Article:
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Common Misconceptions: The Pros and Cons of Annuities

by | Aug 27, 2020

There are a lot of misconceptions surrounding annuities. Are annuities right for me? If so, what type is best?

So how does an annuity work? If you’ve heard the term “annuity” being thrown around and aren’t very clear on what it means, you’re not alone.

From what they are and what they aren’t, this guide has the pros and cons of annuities and what makes them so commonly misunderstood.

What Is an Annuity?

An annuity is essentially a contract in which you and your insurance company cover goals you may have, such as lifetime income, legacy plans, principal protection, or the cost of long-term care.

What makes an annuity different than other retirement investments is that it is guaranteed. No matter how long you live, an annuity can guarantee lifetime retirement income.

While the concept of an annuity is basic enough, there are certain rules and types of annuities that can get complicated.

How Does an Annuity Work Exactly?

Annuities work by transferring the risk to the insurance company instead of the owner. The owner is also known as the “annuitant”.

As with all forms of insurance, you pay the company a premium to bear the risk. To pay for your annuity, you may pay the annuity company in a lump sum or in the form of a series of payments.

How you pay your annuity depends on the type of annuity. The accumulation period refers to the period in which you pay your premium.

Annuity Payout Period

Thankfully, unlike other forms of insurance, you actually don’t keep paying this insurance forever. At a set time, you stop paying the insurance and instead the annuity starts to pay you.

When you enter this phase, your contract moves into the payout phase. In terms of your payments, there is a lot of flexibility there.

You can structure your annuity so that payments are triggered for a set number of years or even for your heirs, for example. You can also set them to extend for your lifetime, your spouse’s life and then have a payout period where any remaining funds go to a beneficiary.

Annuity Payments Explained

As mentioned above, the payment terms are where annuities can vary significantly. Just like with social security, your payments are based on life expectancy.

If you are expected to love for a longer period of time, your payments may be smaller over a longer stretch of time.

You can receive your payments annually, over a quarter, or each month, for example. You can also postpone receiving your payments for years or even decades. In some cases, you can also start your payments immediately.

The bottom line is that annuity payments can be customized to meet your needs. Before signing a contract, you can work with your investment professional to determine what is most important to you.

You’ll want to think about what contractually you want the money to do and also when you’d like it to start.

An Immediate Annuity

With an immediate annuity, it doesn’t start paying your annuity income right away. Instead, you make one lump payment to your insurance company and it will start to pay you income after one annuity period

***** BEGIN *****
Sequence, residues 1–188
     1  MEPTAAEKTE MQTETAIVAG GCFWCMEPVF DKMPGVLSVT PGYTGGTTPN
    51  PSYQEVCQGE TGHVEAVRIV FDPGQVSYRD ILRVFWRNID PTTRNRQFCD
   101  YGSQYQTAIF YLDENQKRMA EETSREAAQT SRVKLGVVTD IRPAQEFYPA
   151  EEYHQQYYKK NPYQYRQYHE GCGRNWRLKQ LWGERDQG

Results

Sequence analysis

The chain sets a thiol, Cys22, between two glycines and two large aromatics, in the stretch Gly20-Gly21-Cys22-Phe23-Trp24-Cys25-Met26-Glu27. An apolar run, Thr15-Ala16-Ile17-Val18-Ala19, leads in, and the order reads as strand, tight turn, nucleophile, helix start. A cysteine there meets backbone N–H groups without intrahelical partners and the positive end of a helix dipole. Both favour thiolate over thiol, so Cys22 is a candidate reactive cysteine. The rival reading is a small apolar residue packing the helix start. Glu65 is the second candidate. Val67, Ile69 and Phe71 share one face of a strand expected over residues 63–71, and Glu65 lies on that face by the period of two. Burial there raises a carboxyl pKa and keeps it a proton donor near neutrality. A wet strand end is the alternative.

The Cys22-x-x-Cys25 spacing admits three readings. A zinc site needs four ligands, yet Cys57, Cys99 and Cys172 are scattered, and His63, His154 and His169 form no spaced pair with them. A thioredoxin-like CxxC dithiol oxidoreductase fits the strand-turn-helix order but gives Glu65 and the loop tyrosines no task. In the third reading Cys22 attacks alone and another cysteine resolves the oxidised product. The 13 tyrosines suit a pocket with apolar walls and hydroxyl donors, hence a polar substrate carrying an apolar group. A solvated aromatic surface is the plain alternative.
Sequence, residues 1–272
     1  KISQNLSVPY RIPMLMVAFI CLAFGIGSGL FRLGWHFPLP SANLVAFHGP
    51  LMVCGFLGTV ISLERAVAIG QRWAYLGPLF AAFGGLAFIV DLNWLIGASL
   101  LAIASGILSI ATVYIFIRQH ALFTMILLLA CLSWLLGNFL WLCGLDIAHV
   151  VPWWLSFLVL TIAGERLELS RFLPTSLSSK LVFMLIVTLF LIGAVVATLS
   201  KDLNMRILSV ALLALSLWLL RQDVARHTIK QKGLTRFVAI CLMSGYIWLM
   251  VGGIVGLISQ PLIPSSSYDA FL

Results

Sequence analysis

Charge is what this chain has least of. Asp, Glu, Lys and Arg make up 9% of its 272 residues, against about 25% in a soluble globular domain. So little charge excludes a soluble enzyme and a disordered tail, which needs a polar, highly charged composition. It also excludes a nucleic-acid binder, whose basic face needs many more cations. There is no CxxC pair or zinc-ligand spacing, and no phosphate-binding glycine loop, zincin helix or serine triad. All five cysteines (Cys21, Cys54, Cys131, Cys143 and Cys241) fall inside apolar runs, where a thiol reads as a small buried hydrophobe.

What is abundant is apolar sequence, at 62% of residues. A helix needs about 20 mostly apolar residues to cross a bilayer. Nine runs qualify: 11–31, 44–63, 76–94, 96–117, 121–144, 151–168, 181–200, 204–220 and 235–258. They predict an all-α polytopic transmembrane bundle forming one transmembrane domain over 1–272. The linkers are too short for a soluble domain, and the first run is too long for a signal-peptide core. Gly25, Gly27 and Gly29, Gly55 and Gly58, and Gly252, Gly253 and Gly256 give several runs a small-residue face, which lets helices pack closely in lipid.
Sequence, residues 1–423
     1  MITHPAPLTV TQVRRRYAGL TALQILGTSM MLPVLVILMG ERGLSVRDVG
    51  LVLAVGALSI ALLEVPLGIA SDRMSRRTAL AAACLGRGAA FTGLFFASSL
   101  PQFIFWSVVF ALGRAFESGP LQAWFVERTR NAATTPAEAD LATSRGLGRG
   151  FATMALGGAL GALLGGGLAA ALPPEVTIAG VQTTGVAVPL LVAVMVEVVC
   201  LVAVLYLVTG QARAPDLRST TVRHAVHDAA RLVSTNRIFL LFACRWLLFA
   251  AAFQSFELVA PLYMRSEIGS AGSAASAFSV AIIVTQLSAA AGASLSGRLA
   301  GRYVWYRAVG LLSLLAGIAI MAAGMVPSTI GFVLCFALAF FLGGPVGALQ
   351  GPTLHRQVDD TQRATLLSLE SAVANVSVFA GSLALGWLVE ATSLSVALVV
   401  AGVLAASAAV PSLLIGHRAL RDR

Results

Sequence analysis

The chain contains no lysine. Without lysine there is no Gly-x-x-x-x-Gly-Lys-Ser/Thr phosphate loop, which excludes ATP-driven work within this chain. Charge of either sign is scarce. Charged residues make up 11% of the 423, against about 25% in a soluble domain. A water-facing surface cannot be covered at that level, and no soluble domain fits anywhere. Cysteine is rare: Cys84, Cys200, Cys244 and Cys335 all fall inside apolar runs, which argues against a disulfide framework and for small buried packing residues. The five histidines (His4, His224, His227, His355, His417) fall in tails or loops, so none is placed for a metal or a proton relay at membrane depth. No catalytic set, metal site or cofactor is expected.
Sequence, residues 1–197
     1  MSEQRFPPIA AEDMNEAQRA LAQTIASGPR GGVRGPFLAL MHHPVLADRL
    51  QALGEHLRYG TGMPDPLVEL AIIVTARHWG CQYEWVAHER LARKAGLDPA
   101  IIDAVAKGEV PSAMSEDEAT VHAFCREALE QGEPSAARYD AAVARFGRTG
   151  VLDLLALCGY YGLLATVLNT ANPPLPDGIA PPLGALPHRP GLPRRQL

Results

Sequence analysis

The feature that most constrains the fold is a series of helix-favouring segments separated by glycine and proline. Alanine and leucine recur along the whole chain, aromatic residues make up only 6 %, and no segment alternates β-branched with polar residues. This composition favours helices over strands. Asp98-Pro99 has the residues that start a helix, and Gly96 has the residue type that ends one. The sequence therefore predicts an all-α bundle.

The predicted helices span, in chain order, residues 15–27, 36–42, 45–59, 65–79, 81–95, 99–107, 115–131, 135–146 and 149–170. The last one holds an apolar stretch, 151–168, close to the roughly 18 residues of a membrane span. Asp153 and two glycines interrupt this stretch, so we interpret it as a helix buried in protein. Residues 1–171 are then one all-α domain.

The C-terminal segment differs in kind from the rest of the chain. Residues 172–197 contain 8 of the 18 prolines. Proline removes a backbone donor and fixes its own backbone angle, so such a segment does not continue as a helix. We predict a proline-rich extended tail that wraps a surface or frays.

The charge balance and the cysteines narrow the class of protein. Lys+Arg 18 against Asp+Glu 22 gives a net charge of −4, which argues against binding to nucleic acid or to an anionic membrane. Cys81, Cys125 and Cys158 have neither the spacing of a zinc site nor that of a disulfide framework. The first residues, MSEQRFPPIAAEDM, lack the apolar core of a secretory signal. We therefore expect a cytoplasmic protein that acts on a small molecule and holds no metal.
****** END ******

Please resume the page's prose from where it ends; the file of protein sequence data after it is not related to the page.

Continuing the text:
The annuity period may be one year after you purchase or as soon as 30-days.

This period is based on when you have decided to receive your income payments. Let’s say you decided to purchase a monthly annuity, for example. This means you would receive your first income payment a month after you bought it.

For retirees, immediate annuities are a popular choice because payments can start so soon.

Fixed Deferred Annuity Can Provide Lifelong Income and Tax Advantages

If you select a deferred annuity, you won’t receive your payments for years or even decades. While time passes your premiums are allowed to grow without paying taxes inside the annuity.

People who go this route will usually use an annuity to plan for lifelong income as a supplement to employer-sponsored retirement income. Most people use these because there are no IRS limits imposed.

One of the only limitations in terms of how much income you can receive from an annuity is the amount the insurance company will accept for you.

In 2019, the IRS allowed for $130,000 or 25 percent of your retirement income to be funded by an annuity. This annuity is also known as a qualified longevity annuity contract or QLAC.

Early Withdrawal Penalties May Apply

In some cases, a deferred annuity may have early withdrawal penalties if you take your money out early. There will typically be surrender periods that vary and the charges associated with these timeframes go down as you get closer to your payment period.

Let’s say for example you have a deferred annuity with 10 years left on the surrender period. You may be charged 9% if you with drawl money next year and 8% the following year if you withdrawal early.

Keep in mind that with an IRA and 401(k) earnings that you withdraw before 59 and a half, you might have to pay a 10% federal tax penalty.

The same goes for income from an annuity where it is taxed as income in the year you earn it.

Pros and Cons of Annuities

As with any investment, there are always positives and drawbacks.

In terms of the pros and cons of annuities, one positive is that these investments are always guaranteed. This means that you will always receive your income because you have a binding contract laying out these terms.

While a drawback may be early withdrawal penalties and taxes, there are almost always these fees and taxes applied to any retirement income or investment.

When it comes to which type of annuity is right for you, fill out the contact form here to talk to a certified financial planner who is ready to help you find the best fit.

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